Although Spacebar has hosted its own dance-oriented nights, only a few have stuck, according to owner Tommy Mot, whose own considerable scene cred as a DJ goes back to the international glory days of Orlando's '90s dance wave at clubs like Firestone, Knock Knock, Icon and the Blue Room. Several months ago, Mot tapped Body//Talk honcho Phil Santos to manage Spacebar's calendar. Now, the bar's beat menu is bolstered by Santos' new monthly Late Night Swim events and the district has become home base to the monthly Body//Talk parties, which take over Spacebar, Sandwich Bar and the parking lot that joins them.
"I think they found their niche now," Mot says of Body//Talk. "For the Body//Talk parties, we have bands in here most of the times now and the DJs will be over [at Sandwich Bar]. ... Both rooms are packed. There's really a lot of kids that are into cool shit, that wanna hear different things. They're not pigeonholed like you see downtown."
But more than just another scene, the edge and ethos here are the difference. "It's super open and non-judgmental," says Mot. "There's so many different types of people there – gay, straight, dudes, chicks, geeks, nerds, skateboard kids, film people ... If you're kind of not an open-minded person and you come to this place, you're gonna feel uncomfortable. So it has a tendency to keep the douchey lameness away and it just keeps growing with cool, open-minded people. So in that sense, Body//Talk is in a position to be as big as they wanna take it, really." – Bao Le-Huu
Heard first in the Milk District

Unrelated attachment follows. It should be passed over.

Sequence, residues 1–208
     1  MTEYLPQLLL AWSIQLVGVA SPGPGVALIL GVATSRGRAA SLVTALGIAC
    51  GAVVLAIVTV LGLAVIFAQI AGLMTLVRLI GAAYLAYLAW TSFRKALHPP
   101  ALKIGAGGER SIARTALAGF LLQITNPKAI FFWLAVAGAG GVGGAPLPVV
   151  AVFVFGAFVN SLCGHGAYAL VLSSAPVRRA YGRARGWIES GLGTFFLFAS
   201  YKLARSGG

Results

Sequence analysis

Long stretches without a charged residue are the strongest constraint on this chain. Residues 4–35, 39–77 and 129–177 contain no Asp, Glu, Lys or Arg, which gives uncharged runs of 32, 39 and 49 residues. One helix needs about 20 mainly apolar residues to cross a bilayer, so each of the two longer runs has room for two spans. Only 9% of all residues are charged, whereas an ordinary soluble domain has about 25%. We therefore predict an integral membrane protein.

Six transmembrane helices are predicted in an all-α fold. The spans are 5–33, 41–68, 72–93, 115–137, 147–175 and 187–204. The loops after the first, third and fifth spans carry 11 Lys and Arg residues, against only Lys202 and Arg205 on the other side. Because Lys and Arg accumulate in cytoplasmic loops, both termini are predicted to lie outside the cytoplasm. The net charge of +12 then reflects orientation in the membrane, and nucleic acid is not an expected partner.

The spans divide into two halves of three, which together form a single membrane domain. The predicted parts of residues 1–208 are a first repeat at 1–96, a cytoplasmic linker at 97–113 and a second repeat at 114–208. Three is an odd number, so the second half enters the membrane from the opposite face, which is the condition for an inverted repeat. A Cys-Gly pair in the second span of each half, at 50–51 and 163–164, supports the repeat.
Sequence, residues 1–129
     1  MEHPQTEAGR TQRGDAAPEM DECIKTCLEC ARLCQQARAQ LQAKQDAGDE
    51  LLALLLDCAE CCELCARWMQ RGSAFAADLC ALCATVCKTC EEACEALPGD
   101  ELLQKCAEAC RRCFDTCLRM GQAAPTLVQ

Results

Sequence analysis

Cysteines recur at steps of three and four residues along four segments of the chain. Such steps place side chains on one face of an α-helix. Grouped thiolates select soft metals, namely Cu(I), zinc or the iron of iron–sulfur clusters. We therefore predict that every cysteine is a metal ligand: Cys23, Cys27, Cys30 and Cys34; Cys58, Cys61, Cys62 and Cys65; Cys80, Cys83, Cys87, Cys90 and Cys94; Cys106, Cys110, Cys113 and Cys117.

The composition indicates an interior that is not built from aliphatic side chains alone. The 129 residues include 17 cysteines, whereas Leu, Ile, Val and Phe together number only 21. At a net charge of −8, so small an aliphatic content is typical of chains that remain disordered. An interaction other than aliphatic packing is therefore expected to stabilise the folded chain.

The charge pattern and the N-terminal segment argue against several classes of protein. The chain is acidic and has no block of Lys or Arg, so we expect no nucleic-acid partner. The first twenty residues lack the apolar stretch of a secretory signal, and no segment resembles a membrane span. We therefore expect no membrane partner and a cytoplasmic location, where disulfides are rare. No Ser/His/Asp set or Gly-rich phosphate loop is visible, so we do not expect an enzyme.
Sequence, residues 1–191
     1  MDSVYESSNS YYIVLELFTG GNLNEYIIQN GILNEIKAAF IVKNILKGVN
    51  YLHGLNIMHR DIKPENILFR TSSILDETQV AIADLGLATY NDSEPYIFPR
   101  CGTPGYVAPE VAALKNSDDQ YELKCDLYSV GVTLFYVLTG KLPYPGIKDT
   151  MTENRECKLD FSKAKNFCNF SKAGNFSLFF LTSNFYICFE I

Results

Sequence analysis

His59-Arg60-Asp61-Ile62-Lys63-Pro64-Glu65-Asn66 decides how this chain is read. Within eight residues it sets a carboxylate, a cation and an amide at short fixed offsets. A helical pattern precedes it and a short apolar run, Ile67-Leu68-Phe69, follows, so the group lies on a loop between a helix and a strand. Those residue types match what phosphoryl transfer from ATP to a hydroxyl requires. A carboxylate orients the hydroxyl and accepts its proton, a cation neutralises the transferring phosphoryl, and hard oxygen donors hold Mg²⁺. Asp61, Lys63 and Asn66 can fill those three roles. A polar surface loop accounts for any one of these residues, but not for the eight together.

Listen to: "Late Night Swim - Mix 001"
Under this DJ moniker, Body//Talk founder Phil Santos is as inclusive of rhythm genres as he is of his parties
Listen to: "244 E Houston St"
Resident DJ for Body//Talk, motion | UNDRGRND and Grassrootz
Listen to: "Everything I Do" (feat. Chuck Mendler)
Deep and clean late-night house
The Civic Minded 5
Back in the mid-'90s when Park Ave CDs was still actually on Park Avenue in Winter Park, the store was almost entirely staffed by Rollins College WPRK DJs. This created a curious bond between the music playing on the air of the college radio station and on the albums moving through the CD and vinyl store. Although this permeating force (which eventually shifted Orlando's music scene markedly) didn't yet have a name, their work was quietly furthered when they started booking edgy concerts around a loud man who became a major game changer in Orlando's music scene: Sam Rivers.
"He was a catalyst," says Matt Gorney, founding member of the local collective the Civic Minded 5 and music history teacher at Full Sail University. "And people who were punk rock musicians and people who were electronic musicians and DJs started being affected by this Sam Rivers effect. It was starting to affect the way they were making music, listening to music and being open-minded toward other things. And that period, that mid-'90s period, WPRK was very adventurous. ... All of this stuff started to be really affected by Sam. So that sort of laid the bed for Civic Minded 5. "
The Civic Minded 5 started out booking shows at Rollins College in 1996, with ample support from the school to fund and host their inventive concert programs. You'd think drawing an invested crowd to a private college chapel to see a jazz concert (Friday night!!) might not be at the top of every '90s college kid's to-do list, but once Rivers' music began to catch on with a mainstream audience after a fateful show at what is now the Social with Phat-N-Jazzy, his measurable pull reliably drew a varied audience seeking to soak in his wild artistry (especially after he formed his trio with an insanely solid rhythm section in drummer Anthony Cole and bassist Doug Mathews).
"Sam Rivers had the biggest nights at the Sapphire Supper Club," Gorney says. "They were our biggest nights, and it just became this thing that people came to, and it started having this broad impact on people who were not even jazz musicians but were starting to see what he was doing in the amount of energy that was involved."